Child Kidnapping Underscores Importance of Red Ribbon Week

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Sponsored by National Family Partnership, Red Ribbon Week annual celebration events promoting drug prevention in schools around the nation just ended. Narconon International joined in by giving live presentations to thousands of kids.

Sponsored by National Family Partnership, Red Ribbon Week annual celebration events promoting drug prevention in schools around the nation just ended. Narconon International joined in by giving live presentations to thousands of kids.

The dramatic story of six-year-old Cole Puffinburger, a child kidnapped by Mexican drug cartel gangsters on Wednesday, October 15th from his home in Las Vegas, Nevada, underscores the immediacy and relevance of Red Ribbon Week which began just three days later on Saturday, 18 October, across the United States.

The annual event is held each year the last days of October to commemorate the ultimate, personal sacrifice of an undercover DEA Special Agent, Enrique "Kiki" Camarena who, after working in secret amongst cartel gangsters for four years, was uncovered, tortured and murdered by Mexican drug lords in 1985. Evidence points to doctors being employed by the cartel thugs to keep Camarena alive while he was questioned and tortured, until he finally expired. The tragic incident has been kept alive as a reminder and inspiration to what is at stake in the war against drugs.

In the case of Puffinberger, it was only four days after the six-year-old's kidnapping that Cole was found by an alert bus driver. The boy was discovered wandering down a Las Vegas street, apparently not harmed. Puffinberger is the grandchild of Clemens Timmemeyer who, according to the Las Vegas Review Journal, may have stolen millions of dollars from the Mexican drug cartel believed to have been responsible for kidnapping the child to pressure Tennemeyer to turn over the missing money to the cartel.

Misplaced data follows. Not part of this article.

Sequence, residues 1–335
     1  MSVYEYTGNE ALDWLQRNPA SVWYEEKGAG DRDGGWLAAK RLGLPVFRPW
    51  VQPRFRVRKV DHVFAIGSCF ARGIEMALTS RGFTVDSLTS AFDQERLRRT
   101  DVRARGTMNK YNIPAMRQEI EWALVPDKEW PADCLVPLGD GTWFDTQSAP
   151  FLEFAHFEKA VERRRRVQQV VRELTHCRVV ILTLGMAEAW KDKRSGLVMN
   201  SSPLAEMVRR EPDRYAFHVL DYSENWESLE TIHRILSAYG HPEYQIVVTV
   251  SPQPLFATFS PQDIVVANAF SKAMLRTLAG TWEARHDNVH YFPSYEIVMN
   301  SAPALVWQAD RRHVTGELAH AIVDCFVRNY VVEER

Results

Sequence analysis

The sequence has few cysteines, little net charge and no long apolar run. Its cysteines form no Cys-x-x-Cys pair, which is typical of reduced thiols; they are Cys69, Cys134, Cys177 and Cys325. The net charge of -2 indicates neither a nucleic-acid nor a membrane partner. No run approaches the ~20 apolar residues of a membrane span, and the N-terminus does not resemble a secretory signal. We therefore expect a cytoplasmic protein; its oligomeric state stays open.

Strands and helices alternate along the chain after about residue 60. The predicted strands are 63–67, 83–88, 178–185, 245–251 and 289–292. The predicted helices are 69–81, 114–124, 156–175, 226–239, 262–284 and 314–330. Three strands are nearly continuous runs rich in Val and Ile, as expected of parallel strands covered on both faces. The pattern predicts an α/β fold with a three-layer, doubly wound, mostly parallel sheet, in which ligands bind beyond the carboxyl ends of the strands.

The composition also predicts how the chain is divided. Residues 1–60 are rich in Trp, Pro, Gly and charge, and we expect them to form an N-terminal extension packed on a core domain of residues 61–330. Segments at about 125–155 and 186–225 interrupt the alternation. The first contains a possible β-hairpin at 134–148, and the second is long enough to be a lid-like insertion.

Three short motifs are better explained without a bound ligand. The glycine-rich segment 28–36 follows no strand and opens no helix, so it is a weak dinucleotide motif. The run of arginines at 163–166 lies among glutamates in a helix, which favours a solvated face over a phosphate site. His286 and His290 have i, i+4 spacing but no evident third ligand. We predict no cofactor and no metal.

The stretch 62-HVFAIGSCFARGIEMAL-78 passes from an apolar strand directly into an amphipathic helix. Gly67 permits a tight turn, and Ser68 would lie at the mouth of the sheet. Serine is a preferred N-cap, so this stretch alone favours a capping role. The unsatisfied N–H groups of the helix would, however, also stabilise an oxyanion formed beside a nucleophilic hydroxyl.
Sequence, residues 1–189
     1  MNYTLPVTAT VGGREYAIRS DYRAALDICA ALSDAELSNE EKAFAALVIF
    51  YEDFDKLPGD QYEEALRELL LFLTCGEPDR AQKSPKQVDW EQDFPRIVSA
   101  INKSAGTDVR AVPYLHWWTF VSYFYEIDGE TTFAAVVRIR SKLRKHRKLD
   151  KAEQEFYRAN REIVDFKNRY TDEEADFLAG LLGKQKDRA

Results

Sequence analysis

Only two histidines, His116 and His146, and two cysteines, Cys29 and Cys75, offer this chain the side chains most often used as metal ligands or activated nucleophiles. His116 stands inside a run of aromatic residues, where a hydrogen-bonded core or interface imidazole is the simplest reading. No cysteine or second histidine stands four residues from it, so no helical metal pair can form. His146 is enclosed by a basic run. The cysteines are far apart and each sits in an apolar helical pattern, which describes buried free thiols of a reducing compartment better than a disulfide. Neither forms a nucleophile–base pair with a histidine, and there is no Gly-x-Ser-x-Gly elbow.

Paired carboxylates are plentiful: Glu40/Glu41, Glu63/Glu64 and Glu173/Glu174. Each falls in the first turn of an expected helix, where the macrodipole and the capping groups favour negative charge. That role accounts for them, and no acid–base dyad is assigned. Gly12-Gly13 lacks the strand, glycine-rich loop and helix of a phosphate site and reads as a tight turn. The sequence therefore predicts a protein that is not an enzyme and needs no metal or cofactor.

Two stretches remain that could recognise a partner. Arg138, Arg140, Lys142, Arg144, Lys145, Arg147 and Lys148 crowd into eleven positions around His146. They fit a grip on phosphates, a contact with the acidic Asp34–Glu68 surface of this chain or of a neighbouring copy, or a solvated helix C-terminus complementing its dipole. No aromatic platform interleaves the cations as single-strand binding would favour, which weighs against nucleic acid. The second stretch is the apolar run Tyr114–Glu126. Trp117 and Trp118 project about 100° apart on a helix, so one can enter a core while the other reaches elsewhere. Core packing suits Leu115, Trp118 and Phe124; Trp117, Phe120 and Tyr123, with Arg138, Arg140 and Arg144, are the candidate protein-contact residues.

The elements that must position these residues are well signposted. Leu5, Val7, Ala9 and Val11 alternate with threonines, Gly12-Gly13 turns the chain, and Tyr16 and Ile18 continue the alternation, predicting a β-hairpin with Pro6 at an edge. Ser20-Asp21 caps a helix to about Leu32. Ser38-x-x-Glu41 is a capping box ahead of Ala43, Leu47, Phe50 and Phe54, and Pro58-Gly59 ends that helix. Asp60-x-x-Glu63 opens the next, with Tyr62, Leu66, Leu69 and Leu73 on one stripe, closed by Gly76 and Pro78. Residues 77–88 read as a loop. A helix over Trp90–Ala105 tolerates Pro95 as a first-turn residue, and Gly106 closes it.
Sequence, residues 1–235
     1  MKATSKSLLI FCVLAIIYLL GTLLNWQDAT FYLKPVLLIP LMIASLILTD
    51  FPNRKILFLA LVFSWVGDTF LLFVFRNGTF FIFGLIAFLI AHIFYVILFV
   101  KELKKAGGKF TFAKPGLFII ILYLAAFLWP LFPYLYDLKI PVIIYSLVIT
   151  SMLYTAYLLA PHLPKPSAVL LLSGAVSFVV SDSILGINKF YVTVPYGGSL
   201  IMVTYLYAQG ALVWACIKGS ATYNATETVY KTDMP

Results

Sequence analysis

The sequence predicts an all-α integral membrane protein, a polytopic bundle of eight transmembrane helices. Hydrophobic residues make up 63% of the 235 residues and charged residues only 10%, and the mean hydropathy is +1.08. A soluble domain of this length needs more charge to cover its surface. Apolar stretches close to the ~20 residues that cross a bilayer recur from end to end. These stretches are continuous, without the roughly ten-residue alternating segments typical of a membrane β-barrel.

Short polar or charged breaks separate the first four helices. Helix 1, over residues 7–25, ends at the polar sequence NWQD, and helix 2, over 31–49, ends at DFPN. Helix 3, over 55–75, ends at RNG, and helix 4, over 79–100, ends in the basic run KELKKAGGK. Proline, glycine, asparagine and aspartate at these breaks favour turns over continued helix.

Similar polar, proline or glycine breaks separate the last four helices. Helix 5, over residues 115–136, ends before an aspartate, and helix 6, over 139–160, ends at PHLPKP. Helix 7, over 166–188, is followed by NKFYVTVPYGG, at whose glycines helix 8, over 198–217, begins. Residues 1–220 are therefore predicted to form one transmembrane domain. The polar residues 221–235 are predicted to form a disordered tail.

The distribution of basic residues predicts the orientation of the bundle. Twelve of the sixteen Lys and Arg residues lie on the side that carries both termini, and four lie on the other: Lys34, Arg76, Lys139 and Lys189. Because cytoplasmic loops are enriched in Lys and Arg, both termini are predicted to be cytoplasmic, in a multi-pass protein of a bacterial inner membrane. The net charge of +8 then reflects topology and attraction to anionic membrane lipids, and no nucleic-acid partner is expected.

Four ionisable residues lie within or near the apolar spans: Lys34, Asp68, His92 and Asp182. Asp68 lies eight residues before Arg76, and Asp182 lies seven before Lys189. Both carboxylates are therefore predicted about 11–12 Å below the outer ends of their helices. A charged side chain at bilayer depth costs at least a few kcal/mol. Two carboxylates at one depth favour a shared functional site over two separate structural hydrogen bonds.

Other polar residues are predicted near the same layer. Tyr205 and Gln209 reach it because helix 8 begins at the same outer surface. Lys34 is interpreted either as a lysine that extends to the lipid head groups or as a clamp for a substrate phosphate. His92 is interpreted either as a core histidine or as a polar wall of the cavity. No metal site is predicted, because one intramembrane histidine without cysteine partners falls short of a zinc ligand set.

The Puffinberger story highlights the violence now occurring south of the border and spilling over into the United States as the Mexican drug war rages some 23 years after the torture and brutal murder of Special Agent Enrique Camarena. Recently, the violence for control of the drug business in Latin America has intensified resulting in an estimated 2,500 deaths in the last year alone including the turning up of dozens of decapitated bodies from Tijuana to the Yucatan peninsula in the last several weeks.

The annual celebration of national Red Ribbon Week starts the last week in October, with communities and students across America committing themselves to living drug-free lives. The tragic event of 1985 produced an immediate outpouring of grief, but over time has generated a sense of hope across America.

That hope is being kept alive through the hard work of thousands of Americans -particularly our young people - who participate in Red Ribbon Week events during the last week in October. This tradition is stronger than ever today, as an increasing number of Americans are saying "yes" to a drug-free life.

"A coordinated effort to educate our young people, such the Red Ribbon week campaign every October, is the approach we need to take throughout the year, stated Bobby Wiggins Director of Drug Education at Narconon International, "kids follow the trends, and it's up to us to create the right trend through a positive drug-free message."

Red Ribbon Week is the most far-reaching and well-known drug prevention event in America. The National Family Partnership, which coordinates Red Ribbon activities nationally, estimates that over 80 million Americans participate in Red Ribbon events. Narconon International (http://www.narconon.org) is one of the keynote organizations partaking in Red Ribbon Week activities across America.

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MARCIA POWELL
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